TIC TALK Podcasts

Exploring personal experiences of inclusion

TIC TALK 15: Kerry Tavrou and Alison Lyons

A podcast with Kerry Tavrou and Alison Lyons
October 2014
Kerry Tavrou and Alison Lyons

Kerry Tavrou and Alison Lyons

Gymnastics Victoria

Kerry and Alison work for Gymnastics Victoria in Australia. They are the driving forces behind one of the leading inclusive sport programs in the country – called Gymnastics for Everybody. Listen to how they do it and why Kerry is known as the ‘Mary Poppins of Inclusion!

Transcript TIC TALK with Kerry Tavrou and Alison Lyons

Peter:

Welcome to Tic Talks. Today I have in front of my Kerry Tavrou and Allison Lyons, here from Gymnastics Victoria. Hi, Kerry, Allison, how are you?

Allison:

Hello.

Kerry:

Very good.

Peter:

Now, just tell, I think with Gymnastics Victoria, Kerry in particular is just described as the Mary Poppins of inclusion for gymnastics. Kerry, can you explain your role with gymnastics?

Kerry:

Sure, so my position is the inclusion coordinator where I look at imbedding inclusion into Gymnastics Victoria’s culture. So I work with each team, so each department, so we’ve got our events department, our business department, board, technical committees, development team and our education team, to ensure inclusion is considered across all of those areas, as well as clubs. So inclusion is just a part of everyday business and it’s just an on-going operational system that people consider in everyday life.

Peter:

I also want to explain to the listeners as well that Gymnastics Victoria is a state association with Gymnastics Australia and Gymnastics Victoria is a very large state, so, what’s the population of Victoria?

Kerry:

Would be—

Peter:

That’s a question isn’t it?

Allison:

Yeah.

Peter:

Would be three or four million? Or more, five million.

Kerry:

Yeah.

Allison:

Yeah.

Peter:

But quite a lot, the state, but you are a state association, Gymnastics Australia. Allison, what’s your role?

Allison:

I’m the gymnastics development manager, so my role is to help clubs develop their, I guess club environment, to ensure they have opportunities for people to participate to grow their business, to look at different facilities, to educate their workforce, so all of that business side I guess of gymnastics. So a part of that is inclusion and ensuring that our clubs are taking inclusive approach to their development.

Peter:

This is sort of a leading question, Kerry, but how important is peer and organizational support to your role? So you are not a lone ranger for the field of inclusion, what support do you have from the organization of people like Allison?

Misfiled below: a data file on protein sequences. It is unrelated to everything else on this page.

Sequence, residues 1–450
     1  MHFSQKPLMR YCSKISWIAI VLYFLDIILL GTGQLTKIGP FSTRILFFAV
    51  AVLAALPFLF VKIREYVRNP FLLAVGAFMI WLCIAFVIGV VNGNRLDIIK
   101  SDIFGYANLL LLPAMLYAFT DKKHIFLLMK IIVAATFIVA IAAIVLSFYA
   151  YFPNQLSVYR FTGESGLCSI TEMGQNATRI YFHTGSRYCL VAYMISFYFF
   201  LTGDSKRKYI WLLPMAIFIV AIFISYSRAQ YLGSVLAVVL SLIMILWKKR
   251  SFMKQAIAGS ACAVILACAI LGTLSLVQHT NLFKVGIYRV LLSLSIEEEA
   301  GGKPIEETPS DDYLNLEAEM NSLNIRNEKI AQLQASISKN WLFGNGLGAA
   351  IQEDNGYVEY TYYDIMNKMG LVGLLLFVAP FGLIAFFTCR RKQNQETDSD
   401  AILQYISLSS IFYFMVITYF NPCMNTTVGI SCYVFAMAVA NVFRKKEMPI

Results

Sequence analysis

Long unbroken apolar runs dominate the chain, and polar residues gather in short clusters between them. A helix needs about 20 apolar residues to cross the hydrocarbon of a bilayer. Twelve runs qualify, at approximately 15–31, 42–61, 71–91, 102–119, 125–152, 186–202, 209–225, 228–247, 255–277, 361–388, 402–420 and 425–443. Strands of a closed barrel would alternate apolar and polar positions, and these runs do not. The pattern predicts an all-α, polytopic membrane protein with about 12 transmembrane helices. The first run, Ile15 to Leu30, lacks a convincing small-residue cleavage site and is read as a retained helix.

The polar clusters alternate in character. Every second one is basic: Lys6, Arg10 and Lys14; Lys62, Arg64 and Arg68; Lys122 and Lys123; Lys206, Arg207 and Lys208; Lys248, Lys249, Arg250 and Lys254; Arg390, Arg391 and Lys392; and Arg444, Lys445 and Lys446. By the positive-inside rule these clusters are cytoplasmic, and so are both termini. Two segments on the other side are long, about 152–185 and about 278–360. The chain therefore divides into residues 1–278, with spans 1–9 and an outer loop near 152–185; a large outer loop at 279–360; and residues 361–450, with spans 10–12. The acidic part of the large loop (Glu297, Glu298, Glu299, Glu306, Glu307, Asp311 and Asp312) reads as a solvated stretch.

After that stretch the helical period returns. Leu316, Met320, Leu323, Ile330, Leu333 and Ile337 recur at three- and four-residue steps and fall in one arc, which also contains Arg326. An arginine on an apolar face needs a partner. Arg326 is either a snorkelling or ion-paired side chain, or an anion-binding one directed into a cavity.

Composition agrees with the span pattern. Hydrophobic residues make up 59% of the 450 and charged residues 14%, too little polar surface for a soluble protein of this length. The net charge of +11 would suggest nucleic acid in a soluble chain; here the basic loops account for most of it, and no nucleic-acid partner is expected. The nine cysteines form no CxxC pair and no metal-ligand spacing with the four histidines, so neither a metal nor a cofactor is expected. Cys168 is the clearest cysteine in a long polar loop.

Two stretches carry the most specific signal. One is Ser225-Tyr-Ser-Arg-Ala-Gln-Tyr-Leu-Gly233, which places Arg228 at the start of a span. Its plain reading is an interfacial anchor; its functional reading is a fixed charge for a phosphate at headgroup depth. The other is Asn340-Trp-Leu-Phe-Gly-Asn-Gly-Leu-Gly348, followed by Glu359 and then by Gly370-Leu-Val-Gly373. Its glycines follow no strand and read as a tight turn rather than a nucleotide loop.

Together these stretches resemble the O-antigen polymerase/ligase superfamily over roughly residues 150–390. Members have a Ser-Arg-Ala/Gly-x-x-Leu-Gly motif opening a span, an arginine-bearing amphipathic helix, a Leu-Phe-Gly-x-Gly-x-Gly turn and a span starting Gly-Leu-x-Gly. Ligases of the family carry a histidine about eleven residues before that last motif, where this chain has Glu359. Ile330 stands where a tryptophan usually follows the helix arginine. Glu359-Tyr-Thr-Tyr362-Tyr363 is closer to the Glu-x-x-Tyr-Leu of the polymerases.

Kerry:

It’s vital. Because if there isn’t other people taking on inclusion, as soon as I move on, inclusion goes with me. So that’s why I try to embed it in everybody’s roles, and it is a part of everyday core business. Because if it isn’t in people’s roles and goals for the year, and CPIs then it’s just not going to happen. I think there’s a common saying that inclusion is just a part of what we do, where organizations believe that inclusion is in their work, but unfortunately if it’s not actually focused on, and if there aren’t inclusive goals, it can be absolutely lost in organizations.

So it’s important that people consider inclusion and that they actually take it on.

Peter:

What are the practical ways you do that? Cause it’s quite a skill, I think to be able to do that. Is it part of—is it skill, it knowledge, is it understanding, is it personality? Where do you think are the key things that help that happen?

Kerry:

I think initially it’s a belief. It’s understanding and believing the importance of being an inclusive organization. I think it’s understand the benefits both for the participants and for the organization as well, separately, and then I guess it’s about ensuring other people know and believe it as well. Unless it’s built into people’s belief systems, people aren’t going to take it on. So it’s about having those hallway conversations and bringing inclusion up during meetings where people constantly consider it and understand where it fits in and how it works. So, when I do—when I’m not there at a meeting, they are the ones asking the questions, they are the ones bringing it up.

So, yeah, I think it’s instilling the belief of inclusion in others. I think that’s the key.

Peter:

Nice, and Allison from your point of view, do you think that has worked in other people outside of this room?

Allison:

Absolutely, yeah, and I think it’s Kerry’s ability to not only educate the staff and the team here on what is best practice, but it’s that constant reminder that, hey let’s consider this. Is what we’re doing going to be inclusive? Is it the best approach that we can take, and always encouraging to think outside the square. And I would say his personality comes a long way with delegation of tasks, that he does hand out.

He’s a likeable guy, you can’t say no.

Kerry:

I think, as Allison just pointed out, people are taking it on. And it’s, for me I know I’m doing my job when people come up to me and say, hey, inclusion should be fit in this area, what do you think? And I’m like, yeah, exactly you’re on the right track, and even for example, clothing, we’re talking about attire for work. And even some of the comments in the work attire, Allison brought up, is hang on, that may not be inclusive for everybody. So it’s about seeing inclusion not just for disability, but for all groups across all areas of the organization.

So I think it’s a mindset that can be taught. And it’s just about continually discussing it and bringing it up that actually people start to believe it.

Peter:

Nice, nice. I was going to pursue that later, but I will pursue that now. We’re talking now, your background is in the disability area in particular, and the gymnastics work in the disability area which has been great. But now you are looking at inclusion more broadly and to include people with different cultural backgrounds, indigenous, female, different groups into gymnastics.

What has been your—what have your been your challenges in trying to do that, to try and step back from a particular targeted area and look at inclusion more broadly?

Kerry: